A Modern Pilgrimage

In theory, the medieval pilgrimage routes of Europe shouldn’t have held any special allure for me. “It’s such a Christian thing,” several people commented when I told them about our travel plans. I am a 53-year-old Jew, but I am also a lover of the outdoors, of physical challenge, and of meditation. John and I wanted a taste, so we chose a relatively short section, 210km, 10 days, on the Camino de Santiago, a thousand mile and thousand year old migratory path that culminates in Santiago de Compostela, Spain with an emotional mass held in its ornate cathedral.

After attending the high mass (yes, the mass…) with Catholic rites and flair galore, my husband and I found ourselves roaming city streets in search of Jerusalem street, the center of the Jewish quarter that existed before the Inquisition. Where did our people fit in? We were migratory, we were spiritual, where were the monuments to Jews along this meditative way? All we found on the crooked alleyway was a bookstore with Judaica in its window (closed for midafternoon siesta). Still it was something, albeit small, but in a prominent location only a stone’s throw from the Cathedral.

The next morning, we flew to Marrakech, arriving at our riad in the Medina as the call to prayer was sounding. Traveling from the height of Christendom to a Muslim land was jarring. Still yearning for something of the Jewish diaspora, we visited the Synagogue of Marrakech, dating from 1492 – a year ingrained in any American schoolgirl’s head as the year when Columbus sailed the ocean blue… but it was also fourteen years after Queen Isabella and King Ferdinand began extinguishing Jews during the Spanish Inquisition.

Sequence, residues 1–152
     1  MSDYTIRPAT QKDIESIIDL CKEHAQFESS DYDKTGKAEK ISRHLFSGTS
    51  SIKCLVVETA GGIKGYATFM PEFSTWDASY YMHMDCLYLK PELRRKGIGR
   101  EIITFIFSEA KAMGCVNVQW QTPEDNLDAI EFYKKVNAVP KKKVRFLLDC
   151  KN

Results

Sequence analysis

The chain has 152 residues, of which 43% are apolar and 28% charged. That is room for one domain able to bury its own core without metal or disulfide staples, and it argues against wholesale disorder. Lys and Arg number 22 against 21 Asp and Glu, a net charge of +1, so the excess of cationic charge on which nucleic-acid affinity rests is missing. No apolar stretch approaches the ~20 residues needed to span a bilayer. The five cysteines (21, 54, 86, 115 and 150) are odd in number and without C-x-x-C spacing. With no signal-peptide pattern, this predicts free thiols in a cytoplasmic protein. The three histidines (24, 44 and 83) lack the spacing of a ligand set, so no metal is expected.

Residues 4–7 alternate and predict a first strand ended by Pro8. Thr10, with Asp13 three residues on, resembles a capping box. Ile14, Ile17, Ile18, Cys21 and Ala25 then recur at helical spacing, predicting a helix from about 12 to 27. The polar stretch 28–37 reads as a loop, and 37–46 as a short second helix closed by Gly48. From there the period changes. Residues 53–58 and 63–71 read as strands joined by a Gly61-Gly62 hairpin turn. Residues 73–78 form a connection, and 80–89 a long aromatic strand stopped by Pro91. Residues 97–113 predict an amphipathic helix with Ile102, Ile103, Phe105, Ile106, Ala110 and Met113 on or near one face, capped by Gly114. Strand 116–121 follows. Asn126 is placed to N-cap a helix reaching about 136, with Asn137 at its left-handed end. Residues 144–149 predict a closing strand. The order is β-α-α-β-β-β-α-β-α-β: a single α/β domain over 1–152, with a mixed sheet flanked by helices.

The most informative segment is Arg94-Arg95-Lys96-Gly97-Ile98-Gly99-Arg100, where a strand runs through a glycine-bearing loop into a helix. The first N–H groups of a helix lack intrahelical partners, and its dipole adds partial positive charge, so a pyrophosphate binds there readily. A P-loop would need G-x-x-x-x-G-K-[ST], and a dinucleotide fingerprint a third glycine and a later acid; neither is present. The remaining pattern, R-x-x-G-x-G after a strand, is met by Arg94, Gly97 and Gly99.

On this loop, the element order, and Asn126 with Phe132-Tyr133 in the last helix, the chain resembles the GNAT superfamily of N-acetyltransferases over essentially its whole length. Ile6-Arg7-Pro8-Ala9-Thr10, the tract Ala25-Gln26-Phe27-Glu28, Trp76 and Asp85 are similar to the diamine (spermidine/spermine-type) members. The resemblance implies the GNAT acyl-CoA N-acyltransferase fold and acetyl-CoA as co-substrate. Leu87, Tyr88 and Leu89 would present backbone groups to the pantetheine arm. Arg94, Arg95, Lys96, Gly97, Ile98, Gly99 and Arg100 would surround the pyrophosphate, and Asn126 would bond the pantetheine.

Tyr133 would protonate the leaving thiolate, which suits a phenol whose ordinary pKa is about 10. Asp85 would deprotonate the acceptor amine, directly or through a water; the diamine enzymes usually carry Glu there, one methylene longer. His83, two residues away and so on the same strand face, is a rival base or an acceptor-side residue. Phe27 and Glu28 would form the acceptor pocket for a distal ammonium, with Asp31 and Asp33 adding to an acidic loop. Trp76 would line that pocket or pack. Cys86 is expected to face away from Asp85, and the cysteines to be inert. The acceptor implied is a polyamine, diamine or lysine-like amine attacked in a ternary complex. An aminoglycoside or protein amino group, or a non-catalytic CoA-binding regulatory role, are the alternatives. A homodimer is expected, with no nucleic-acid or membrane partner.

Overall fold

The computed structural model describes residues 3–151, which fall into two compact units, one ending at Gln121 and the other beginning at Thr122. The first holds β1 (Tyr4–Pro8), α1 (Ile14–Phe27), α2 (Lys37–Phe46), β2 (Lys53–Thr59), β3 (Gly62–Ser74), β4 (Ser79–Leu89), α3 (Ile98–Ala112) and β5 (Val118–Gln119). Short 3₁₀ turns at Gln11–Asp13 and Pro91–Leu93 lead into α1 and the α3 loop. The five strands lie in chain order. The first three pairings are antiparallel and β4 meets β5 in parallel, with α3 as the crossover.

Spanish and Portuguese Jews fled to North Africa, the synagogue opening in Marrakech marked that Sephardic migration. I flashed back to my 7th grade French teacher, a Jew from Morocco – meeting her as a privileged, white, suburban kid in the 1970’s made an impact that has lasted to this day. Back then there was nothing more exotic to me than a French-speaking female Jew from Africa of all places. Who knew?

Over forty years later I was traveling to her homeland to hike into the High Atlas mountains. Our local guide pointed out the remains of various synagogues tucked away in small villages. Many of North Africa’s Jews were Berbers, living in these remote places. Morocco has always prided itself on being a pluralistic country, but when it achieved its independence from France in 1956, many of its Jews fled to Israel and elsewhere fearing inhospitable rule.

It wasn’t until I was sitting on the plane, writing down thoughts on the way back to North America, that I mused on our walk along the Camino followed by a journey to Morocco mirroring the migratory pattern of Jews over hundreds of years…. Walking, not toward a religious ceremony, but because they were chased out, first from Spain and Portugal and later from various North African countries.

Similar to Christianity, Islam places pilgrimage as one of its central pillars. Every year, 2-3 million Muslims make a Hajj (a word interestingly sharing the same root as the Hebrew word “chagag” meaning to make a pilgrimage) to Mecca, Saudi Arabia. This happens during a five-day period, starting on 8 and ending on 12 Dhu al-Hijjah, the twelfth and last month of the Islamic calendar. It is required that Muslims make this journey once in a lifetime. Their pilgrimage is a demonstration of Muslim solidarity as well as an opportunity to shed material trappings, to focus on self over outward appearance. Shedding material trappings, and self-introspection was also what John and I had endeavored on the Camino.

While we walked, John and I wondered what the Jewish version of a pilgrimage would be. Before the destruction of the Temple, the Hebrew Bible commanded Jews to make a pilgrimage to Jerusalem three times per year: in the spring during Passover, in the summer during Shavuot, and in the fall during Sukkot. There is not a specific trail prescribed, just a returning. Next year in Jerusalem!

We googled and researched in the evening after walking. We discovered the ancient road of Abraham, called the Abraham Path, thinking it might represent the Jewish equivalent of the Camino – but such a journey seemed unrealistic in today’s political climate. It stretches from Urfa in Turkey to Hebron in the West Bank, spreading over thousands of kilometers through Syria, Jordan, Israel, and Palestine.